2020: A Crisis on the Home Front

Tessa Pardon, Staff Writer

As the citizens of Washington move through a turbulent year, it seems as though tensions continue to rise. In a year filled with constant news of the pandemic, rising death rates, punctuated with protests and a tumultuous election, there is almost too much news to sift through. However, the one constant of this last year seems to be one that is not only directly correlated to the events of the year, but also remains significantly underreported. As more people fall into poverty, medical bills skyrocket, and stimulus checks seem to perpetually circle the floor of Congress, crime has been rising in the background. 

A new study by the Council on Criminal Justice found that the homicide rate increased sharply this summer across 27 cities: According to Vox “Homicide rates between June and August of 2020 increased by 53 percent over the same period in 2019, and aggravated assaults went up by 14 percent.” This sharp rise in the rates of crime can be explained by a multitude of events, but perhaps the primary force is deteriorating mental health amid the pandemic. In a study by the World Health Organization  “the pandemic is increasing demand for mental health services. Bereavement, isolation, loss of income and fear are triggering mental health conditions or exacerbating existing ones. Many people may be facing increased levels of alcohol and drug use, insomnia, and anxiety. Meanwhile, COVID-19 itself can lead to neurological and mental complications, such as delirium, agitation, and stroke.As people remain stuck in their homes, they become increasingly isolated from the outside world. The stress of solitude combined with the turbulent world outside the door has been proven to increase rates of mental illness, and the lack of funding and accessibility to affordable mental health care makes the cycle of mental illness near impossible to interrupt. New tax cutsNew tax cuts–enacted by Trump’s Fiscal Year 2019 Budget–begin to “reduce funding for the Substance Abuse and Mental Health Services Administration’s (SAMHSA) Mental Health and Substance Abuse Treatment Programs of Regional and National Significance by ~$600 million.”. The combined forces of increased stress and inability to access affordable care have caused further deterioration of mental health, and thus increased the regularity of aggressive outbursts.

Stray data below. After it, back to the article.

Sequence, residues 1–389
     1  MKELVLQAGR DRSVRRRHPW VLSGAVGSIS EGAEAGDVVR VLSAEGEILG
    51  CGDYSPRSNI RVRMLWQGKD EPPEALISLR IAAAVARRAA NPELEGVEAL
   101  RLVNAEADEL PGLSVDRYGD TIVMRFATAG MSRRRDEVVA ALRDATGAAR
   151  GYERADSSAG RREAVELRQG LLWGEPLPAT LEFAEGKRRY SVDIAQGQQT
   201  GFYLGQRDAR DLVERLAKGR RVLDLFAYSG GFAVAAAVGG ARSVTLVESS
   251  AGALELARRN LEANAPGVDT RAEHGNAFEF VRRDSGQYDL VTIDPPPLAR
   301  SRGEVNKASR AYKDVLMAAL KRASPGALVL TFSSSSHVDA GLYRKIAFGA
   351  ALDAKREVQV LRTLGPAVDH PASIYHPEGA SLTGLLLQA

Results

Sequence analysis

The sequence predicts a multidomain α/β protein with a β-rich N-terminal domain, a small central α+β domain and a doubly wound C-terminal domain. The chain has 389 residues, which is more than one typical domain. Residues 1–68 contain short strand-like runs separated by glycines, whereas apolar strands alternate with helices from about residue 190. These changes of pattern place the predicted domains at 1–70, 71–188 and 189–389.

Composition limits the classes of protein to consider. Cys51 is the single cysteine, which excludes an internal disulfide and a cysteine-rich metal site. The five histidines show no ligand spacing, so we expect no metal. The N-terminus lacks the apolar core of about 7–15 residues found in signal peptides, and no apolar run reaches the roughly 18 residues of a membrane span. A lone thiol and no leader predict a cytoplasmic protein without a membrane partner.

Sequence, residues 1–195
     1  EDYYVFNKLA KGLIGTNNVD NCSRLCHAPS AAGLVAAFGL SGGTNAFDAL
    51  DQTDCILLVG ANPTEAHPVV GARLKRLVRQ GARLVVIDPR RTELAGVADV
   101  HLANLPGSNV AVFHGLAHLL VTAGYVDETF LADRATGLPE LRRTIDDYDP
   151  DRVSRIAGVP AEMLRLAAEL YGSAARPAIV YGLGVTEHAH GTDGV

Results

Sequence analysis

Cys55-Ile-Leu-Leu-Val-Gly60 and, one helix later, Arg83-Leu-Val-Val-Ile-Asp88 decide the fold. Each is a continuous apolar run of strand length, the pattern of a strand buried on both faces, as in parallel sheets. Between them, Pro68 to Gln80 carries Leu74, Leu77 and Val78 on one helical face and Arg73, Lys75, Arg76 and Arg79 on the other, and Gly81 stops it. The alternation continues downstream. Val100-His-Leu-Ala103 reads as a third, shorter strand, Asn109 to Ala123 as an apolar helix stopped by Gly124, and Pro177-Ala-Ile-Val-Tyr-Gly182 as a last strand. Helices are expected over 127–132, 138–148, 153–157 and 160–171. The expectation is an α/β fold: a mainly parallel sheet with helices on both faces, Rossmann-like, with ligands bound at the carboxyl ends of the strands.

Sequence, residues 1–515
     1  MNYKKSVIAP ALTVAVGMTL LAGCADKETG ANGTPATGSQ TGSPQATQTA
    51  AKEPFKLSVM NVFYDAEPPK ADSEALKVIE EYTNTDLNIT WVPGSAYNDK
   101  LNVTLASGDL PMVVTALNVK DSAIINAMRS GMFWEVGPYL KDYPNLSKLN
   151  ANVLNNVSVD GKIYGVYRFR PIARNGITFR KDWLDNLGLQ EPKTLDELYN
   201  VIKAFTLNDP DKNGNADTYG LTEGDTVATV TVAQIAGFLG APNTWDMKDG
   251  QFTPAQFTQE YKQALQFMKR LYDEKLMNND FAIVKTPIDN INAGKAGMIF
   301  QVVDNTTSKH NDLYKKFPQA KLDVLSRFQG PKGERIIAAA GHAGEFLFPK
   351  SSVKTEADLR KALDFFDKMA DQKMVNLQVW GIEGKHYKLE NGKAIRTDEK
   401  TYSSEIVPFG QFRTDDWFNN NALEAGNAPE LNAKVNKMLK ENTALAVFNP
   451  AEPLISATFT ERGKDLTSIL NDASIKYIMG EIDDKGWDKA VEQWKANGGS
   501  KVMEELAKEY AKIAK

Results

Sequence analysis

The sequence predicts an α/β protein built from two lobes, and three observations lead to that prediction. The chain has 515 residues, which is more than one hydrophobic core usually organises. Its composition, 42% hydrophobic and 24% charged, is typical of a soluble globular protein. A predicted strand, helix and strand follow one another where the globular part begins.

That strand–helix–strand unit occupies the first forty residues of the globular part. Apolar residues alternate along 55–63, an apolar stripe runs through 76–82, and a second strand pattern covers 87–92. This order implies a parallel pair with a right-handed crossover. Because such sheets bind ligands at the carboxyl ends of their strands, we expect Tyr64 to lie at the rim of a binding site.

Another contributing factor to rising crime is the civil unrest and police brutality occuring in major cities. Atlanta Mayor Keisha Lance Bottom states, “I think it’s just a perfect storm of distress in America,”  And this maelstrom of unrest has undoubtedly boiled over onto city streets. In Atlanta, “There were 66 shootings, with 106 victims, during the most recent 28-day period, compared to 26 shootings and 40 victims during the same time last year, police said. One of the victims was eight-year-old Secoriea Turner, who was shot and killed on the Fourth of July. Secoriea was in a car near a flashpoint of recent protests when at least two gunmen in a crowd of armed people opened fire, police said at the time. Just this week, police announced they had charged a suspect with felony murder.”). As these tensions between civilians, police, and politicians increase, more aggression will undoubtedly maintain a hold on the American public. Whether it be small groups of anarchists wreaking havoc amongst peaceful protesters, or the police attempting to quell the unrest, there is an undeniable increase in violence in these tense settings. Senior Danielle Ellinger recounts “going to (Capitol Hill) , but staying in the car with the doors locked.” Despite the incredibly interesting nature of the Capitol Hill Autonomous Zone, the area itself was fairly inaccessible to teens and women due to its dangerous nature. FIrst name Ngo,  a reporter that visited CHAZ, recounts, “a shooting erupted that left at least one person dead and another injured near a border checkpoint. Police were reportedly met with resistance when they tried to get to the victims, who apparently were then taken in private cars to the hospital.” Although many students expressed a desire to visit CHAZ, few could access it due to safety concerns. Junior Taylor Brown states, “Being a female anywhere automatically makes you a target. You always need to be alert of potential dangers and threatening presences.” And this constant awareness is increasingly important as the state of affairs in the U.S. dissolves.